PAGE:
In Figure, the base resistor RB is connected to the collector rather than to VCC, as it was in the base bias arrangement discussed earlier. The collector voltage provides the bias for the base-emitter junction. The negative feedback creates an “offsetting” effect that tends to keep the Q-point stable. If IC tries to increase, it drops more voltage across RC, thereby causing VC to decrease. When VC decreases, there is a decrease in voltage across RB, which decreases IB. The decrease in IB produces less IC which, in turn, drops less voltage across RC and thus offsets the decrease in VC.
Analysis of a Collector-Feedback Bias Circuit
By Ohm’s law, the base current can be expressed as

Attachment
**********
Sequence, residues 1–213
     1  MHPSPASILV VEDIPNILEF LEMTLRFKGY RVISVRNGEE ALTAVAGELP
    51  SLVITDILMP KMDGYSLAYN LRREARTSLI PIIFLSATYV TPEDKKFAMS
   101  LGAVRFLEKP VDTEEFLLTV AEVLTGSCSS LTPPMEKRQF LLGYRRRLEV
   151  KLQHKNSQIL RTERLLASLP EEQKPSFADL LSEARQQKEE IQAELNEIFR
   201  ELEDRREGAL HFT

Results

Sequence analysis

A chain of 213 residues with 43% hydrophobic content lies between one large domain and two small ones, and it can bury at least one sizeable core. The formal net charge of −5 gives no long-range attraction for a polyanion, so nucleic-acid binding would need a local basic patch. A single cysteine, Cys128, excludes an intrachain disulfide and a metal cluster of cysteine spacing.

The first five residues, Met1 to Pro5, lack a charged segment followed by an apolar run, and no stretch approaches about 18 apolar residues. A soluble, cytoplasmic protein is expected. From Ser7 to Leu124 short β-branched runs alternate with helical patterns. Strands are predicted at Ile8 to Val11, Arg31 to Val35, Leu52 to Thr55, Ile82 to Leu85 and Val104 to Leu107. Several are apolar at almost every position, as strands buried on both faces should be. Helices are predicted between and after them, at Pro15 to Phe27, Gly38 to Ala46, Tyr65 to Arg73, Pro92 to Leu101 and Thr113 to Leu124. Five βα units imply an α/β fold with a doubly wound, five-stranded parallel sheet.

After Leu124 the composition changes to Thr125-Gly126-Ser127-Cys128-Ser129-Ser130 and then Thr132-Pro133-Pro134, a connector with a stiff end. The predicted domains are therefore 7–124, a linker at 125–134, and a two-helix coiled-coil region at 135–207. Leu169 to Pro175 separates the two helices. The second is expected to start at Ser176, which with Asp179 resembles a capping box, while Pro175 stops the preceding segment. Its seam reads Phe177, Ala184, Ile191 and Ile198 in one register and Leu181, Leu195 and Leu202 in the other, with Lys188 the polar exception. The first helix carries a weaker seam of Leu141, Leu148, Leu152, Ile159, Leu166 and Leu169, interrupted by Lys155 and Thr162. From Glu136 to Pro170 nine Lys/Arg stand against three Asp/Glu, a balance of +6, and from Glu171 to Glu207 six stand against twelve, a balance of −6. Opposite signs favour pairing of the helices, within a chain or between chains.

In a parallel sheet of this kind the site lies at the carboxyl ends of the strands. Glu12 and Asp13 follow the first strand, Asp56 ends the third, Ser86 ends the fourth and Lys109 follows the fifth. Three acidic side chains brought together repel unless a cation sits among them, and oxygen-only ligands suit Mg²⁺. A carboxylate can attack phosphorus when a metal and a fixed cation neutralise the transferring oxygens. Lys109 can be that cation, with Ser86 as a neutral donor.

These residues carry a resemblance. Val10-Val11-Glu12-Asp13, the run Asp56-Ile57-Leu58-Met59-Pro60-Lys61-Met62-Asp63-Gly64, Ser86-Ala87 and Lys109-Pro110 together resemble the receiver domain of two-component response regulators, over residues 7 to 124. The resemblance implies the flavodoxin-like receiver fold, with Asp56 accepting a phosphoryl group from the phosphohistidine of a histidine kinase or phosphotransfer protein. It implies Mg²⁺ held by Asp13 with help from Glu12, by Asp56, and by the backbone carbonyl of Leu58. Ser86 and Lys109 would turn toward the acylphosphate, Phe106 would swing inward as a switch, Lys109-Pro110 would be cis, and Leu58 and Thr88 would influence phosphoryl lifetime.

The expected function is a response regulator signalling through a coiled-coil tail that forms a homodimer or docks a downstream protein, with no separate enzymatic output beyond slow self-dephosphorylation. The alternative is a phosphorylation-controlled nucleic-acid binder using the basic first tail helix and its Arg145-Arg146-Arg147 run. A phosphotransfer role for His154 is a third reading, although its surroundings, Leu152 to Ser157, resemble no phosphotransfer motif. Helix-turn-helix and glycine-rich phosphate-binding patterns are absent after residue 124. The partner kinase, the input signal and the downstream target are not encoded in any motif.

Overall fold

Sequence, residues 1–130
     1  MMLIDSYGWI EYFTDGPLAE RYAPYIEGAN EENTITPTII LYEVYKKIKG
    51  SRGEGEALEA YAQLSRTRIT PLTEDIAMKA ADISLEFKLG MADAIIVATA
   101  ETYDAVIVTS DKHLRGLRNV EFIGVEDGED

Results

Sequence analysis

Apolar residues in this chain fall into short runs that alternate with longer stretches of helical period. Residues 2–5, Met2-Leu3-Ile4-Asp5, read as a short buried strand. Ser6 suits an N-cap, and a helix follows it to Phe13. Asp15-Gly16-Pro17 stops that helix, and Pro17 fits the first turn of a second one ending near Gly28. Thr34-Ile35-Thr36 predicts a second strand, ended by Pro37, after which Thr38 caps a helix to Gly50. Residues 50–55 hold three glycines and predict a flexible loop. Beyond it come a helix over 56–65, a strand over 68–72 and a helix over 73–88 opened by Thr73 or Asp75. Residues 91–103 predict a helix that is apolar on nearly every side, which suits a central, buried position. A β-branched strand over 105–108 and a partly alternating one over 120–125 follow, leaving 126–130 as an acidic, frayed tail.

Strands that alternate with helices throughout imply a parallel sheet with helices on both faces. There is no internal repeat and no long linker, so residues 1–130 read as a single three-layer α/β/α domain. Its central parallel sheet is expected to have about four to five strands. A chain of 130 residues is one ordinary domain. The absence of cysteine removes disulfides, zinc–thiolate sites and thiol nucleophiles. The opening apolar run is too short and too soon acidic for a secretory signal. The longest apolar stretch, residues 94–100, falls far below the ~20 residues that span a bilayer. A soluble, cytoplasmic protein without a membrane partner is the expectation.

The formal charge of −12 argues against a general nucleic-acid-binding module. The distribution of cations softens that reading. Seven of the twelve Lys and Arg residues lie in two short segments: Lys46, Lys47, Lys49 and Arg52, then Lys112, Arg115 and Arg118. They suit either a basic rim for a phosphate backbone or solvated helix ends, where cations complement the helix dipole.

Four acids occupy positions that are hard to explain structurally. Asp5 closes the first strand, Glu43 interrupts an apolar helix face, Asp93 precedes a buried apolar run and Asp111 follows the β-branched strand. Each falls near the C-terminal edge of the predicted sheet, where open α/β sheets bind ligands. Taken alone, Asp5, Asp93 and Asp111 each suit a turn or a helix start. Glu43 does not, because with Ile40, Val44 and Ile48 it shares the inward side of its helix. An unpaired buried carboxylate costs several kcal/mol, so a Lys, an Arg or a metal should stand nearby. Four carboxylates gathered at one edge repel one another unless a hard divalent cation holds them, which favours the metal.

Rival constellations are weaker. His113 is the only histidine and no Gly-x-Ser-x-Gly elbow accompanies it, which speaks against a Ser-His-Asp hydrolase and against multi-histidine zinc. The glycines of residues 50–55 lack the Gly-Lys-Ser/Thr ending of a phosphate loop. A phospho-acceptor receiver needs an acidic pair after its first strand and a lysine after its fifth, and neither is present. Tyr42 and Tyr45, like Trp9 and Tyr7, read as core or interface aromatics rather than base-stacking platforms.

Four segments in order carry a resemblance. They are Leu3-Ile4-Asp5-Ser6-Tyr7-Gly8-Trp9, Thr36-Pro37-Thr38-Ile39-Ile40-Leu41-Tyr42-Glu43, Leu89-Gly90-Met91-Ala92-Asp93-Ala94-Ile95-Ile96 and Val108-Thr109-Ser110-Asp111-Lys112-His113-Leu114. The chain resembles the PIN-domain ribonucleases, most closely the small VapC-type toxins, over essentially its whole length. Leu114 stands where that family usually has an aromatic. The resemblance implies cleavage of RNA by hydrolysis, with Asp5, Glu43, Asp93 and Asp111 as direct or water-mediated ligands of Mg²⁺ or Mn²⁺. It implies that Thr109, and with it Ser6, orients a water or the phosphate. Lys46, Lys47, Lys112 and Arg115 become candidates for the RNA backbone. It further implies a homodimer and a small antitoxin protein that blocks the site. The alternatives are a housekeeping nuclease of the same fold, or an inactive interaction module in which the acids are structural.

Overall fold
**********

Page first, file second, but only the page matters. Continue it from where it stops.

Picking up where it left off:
Q-Point Stability Over Temperature
Above Equation shows that the collector current is dependent to some extent on βDC and VBE. This dependency, of course, can be minimized by making RC >> RB/βDC and VCC >> VBE. An important feature of collector-feedback bias is that it essentially eliminates the βDC and VBE dependency even if the stated conditions are met.
As you have learned, βDC varies directly with temperature, and VBE varies inversely with temperature. As the temperature goes up in a collector-feedback circuit, βDC goes up and VBE goes down. The increase in βDC acts to increase IC. The decrease in VBE acts to increase IB which, in turn also acts to increase IC. As IC tries to increase, the voltage drop across RC also tries to increase. This tends to reduce the collector voltage and therefore the voltage across RB, thus reducing IB and offsetting the attempted increase in IC and the attempted decrease in VC. The result is that the collector-feedback circuit maintains a relatively stable Q-point. The reverse action occurs when the temperature decreases.